Such questions assume that if God is good, He would not allow suffering. Such questions suggest that we are wiser than God and that we know best. This is the same as saying, "If I were God, I would put an end to sickness and death. I would stop all the hurricanes and tornadoes and earthquakes. I would beat all the swords into plowshares and the spears into pruning hooks, ending wars on the earth. I would eradicate injustice and cruelty. This world would be perfect and we would live forever in it." But.....God did create a perfect world, and God did create mankind with the ability to live forever in it. It was man who brought the curse upon creation, not God. It was man who brought death and decay and suffering into the world. We might be tempted to ask, "But why didn't God create man incapable of sin so these things wouldn't happen?" I can't tell you the answer to this, but I have an inkling that our relationship with our Creator would be so very shallow if He had not created us with the ability to fall. I believe there are aspects of God's character we would never glimpse if we didn't have to ask for His help, if we didn't have to daily rely on Him for all things. Could we worship Him if we didn't need His mercy? Could we love Him if we didn't need His grace? Lives of comfort, ease, and pleasure tend to make us shallow rather than deep. Prosperity often puts distance between us and God. If this world were nothing but sweetness and light, comfort and pleasure....would we ever think about God at all?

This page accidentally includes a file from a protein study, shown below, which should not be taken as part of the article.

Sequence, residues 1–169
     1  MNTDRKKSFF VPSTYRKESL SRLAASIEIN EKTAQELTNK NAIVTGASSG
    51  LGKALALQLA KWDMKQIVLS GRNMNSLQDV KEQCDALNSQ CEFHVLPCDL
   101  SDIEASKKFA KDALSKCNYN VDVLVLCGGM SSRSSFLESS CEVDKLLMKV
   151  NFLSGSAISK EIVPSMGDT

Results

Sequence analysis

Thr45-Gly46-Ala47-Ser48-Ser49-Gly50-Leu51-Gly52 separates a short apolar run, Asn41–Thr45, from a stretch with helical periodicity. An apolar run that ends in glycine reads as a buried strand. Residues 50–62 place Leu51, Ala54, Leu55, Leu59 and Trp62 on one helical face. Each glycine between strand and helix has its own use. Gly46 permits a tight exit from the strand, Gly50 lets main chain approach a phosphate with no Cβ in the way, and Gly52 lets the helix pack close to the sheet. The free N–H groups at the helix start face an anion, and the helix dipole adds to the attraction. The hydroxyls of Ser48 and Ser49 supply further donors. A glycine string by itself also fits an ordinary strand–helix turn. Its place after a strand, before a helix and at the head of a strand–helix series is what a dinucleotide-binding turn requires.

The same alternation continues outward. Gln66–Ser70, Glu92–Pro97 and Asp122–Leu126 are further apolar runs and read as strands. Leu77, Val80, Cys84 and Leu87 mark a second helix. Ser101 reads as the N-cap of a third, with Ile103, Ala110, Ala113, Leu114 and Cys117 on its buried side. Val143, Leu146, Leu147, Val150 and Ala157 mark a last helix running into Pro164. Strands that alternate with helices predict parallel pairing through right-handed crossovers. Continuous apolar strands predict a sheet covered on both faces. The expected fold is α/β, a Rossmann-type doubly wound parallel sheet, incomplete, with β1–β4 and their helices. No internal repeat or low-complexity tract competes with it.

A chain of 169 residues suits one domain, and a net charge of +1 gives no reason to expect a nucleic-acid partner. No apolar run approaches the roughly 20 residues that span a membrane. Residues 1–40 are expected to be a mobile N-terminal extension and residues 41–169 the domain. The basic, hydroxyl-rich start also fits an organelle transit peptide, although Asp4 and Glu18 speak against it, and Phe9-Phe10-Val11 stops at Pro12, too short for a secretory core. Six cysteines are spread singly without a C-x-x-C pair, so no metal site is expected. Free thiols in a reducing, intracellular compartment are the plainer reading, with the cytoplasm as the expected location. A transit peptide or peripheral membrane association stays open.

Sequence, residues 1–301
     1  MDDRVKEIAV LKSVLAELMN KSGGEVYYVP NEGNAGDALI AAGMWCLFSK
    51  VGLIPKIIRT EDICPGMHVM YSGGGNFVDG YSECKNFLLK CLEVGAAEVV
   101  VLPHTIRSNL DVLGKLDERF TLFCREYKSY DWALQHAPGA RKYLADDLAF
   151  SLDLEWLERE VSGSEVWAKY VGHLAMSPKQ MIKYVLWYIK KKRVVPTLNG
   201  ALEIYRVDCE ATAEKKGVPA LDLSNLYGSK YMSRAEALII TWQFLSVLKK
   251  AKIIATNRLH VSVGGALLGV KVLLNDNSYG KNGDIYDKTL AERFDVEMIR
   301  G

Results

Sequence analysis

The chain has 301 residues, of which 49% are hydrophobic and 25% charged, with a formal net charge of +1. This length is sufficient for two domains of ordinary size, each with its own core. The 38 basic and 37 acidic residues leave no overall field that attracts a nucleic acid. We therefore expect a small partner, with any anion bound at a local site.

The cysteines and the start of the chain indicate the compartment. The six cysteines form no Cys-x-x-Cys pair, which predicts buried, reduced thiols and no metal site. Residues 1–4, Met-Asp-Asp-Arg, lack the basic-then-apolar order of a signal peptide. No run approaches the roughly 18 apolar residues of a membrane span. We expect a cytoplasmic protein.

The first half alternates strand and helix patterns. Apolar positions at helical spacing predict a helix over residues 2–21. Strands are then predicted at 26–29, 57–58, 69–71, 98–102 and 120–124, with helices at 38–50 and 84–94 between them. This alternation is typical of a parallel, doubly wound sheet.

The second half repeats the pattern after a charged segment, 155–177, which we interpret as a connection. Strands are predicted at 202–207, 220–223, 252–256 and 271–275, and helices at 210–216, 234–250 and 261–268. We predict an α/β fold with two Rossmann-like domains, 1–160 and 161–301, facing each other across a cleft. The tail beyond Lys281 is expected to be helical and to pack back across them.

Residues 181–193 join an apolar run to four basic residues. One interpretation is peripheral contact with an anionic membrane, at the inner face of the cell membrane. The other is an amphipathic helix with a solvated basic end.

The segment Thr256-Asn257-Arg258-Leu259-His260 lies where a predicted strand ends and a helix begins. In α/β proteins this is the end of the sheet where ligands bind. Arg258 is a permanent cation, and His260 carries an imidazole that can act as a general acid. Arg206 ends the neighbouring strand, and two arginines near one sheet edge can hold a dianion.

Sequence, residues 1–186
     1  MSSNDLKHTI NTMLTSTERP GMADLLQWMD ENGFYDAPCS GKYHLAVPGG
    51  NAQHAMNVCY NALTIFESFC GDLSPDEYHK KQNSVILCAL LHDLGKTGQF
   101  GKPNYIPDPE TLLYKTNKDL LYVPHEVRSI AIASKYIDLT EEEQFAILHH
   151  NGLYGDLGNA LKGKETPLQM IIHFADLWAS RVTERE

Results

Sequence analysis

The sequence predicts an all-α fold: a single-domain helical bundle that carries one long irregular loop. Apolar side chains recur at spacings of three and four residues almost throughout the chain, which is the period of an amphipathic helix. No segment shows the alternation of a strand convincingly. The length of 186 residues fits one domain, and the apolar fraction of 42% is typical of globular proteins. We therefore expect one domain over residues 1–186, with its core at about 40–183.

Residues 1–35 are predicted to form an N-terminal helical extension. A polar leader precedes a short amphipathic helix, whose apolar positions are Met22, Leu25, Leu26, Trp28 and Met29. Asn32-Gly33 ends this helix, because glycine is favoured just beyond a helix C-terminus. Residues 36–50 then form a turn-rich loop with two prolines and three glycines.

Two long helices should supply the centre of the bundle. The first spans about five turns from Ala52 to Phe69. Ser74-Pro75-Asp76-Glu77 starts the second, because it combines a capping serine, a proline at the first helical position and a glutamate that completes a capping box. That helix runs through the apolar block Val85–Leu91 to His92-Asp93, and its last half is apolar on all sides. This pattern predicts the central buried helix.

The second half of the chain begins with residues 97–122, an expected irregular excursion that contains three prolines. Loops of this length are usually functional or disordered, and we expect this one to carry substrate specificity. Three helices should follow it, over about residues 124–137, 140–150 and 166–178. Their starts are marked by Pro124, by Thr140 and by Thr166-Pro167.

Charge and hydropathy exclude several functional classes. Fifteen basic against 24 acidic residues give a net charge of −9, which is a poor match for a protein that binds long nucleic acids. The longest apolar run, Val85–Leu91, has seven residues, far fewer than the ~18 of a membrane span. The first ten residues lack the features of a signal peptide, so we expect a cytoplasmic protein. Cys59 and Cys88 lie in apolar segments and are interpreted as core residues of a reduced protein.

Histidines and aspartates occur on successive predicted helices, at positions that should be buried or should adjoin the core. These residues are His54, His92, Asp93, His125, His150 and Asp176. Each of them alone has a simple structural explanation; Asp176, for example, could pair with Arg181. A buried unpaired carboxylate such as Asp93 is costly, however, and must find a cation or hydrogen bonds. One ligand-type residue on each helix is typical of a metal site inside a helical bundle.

When is it that we learn the most about God? Is it during our good times or our bad times? When the Son of God was made flesh and dwelt among us, even He learned something new about God the Father. And He learned something new about mankind. The Bible tells us that the Son of God "learned obedience through suffering". This doesn't mean there was anything disobedient in the Son of God, but that in the flesh He identified Himself with mankind. He learned what it was like to exist in a fallen world and to suffer the trials of this fallen world. Though He was sinless, He saw how hard it is for us here. He experienced what it's like to live in a mortal body, to be hungry and thirsty and tired, to be persecuted and betrayed, to be tempted and tried, to suffer mental and emotional and physical pain. In becoming a man, Jesus learned how hard it is to be us and to remain obedient in a wicked and hurtful world. In becoming a man, Jesus saw God from our perspective. He knows how difficult it is for us to accept the fact that bad things happen to good people. He can see why it's so puzzling to us that a good God allows trouble to come into the lives of good people. Christ's own suffering was difficult for Him even though He knew the redeeming purpose for it; He now empathizes with the difficulty we have in accepting suffering when we do not know its purpose. 

As we study the book of Job we will not solve the problem of suffering. Job himself will not receive an answer to his questions. But he is able to make peace with God even though God does not provide him with an explanation. I hope we will be able to do the same.

In our introductory session today I've asked a lot of questions, questions intended to make all of us think deeply about the nature of suffering and the nature of God our Creator. The book of Job is a book of questions. Job will ask questions of God. Job will ask questions of the friends who come to comfort him. Job's friends will ask some very unkind and accusatory questions of him. And finally, at the end of the book, God will show up and ask His own questions. 

I think the main question of the book of Job is: do we remain faithful to God, and keep loving God, even when He doesn't give us an explanation? Are we willing to follow Him even when we don't understand? Are we able to trust that He is good and that His purposes are good even when bad things happen to good people? These are questions each of us must answer for ourselves.

Below is our worship song link for today.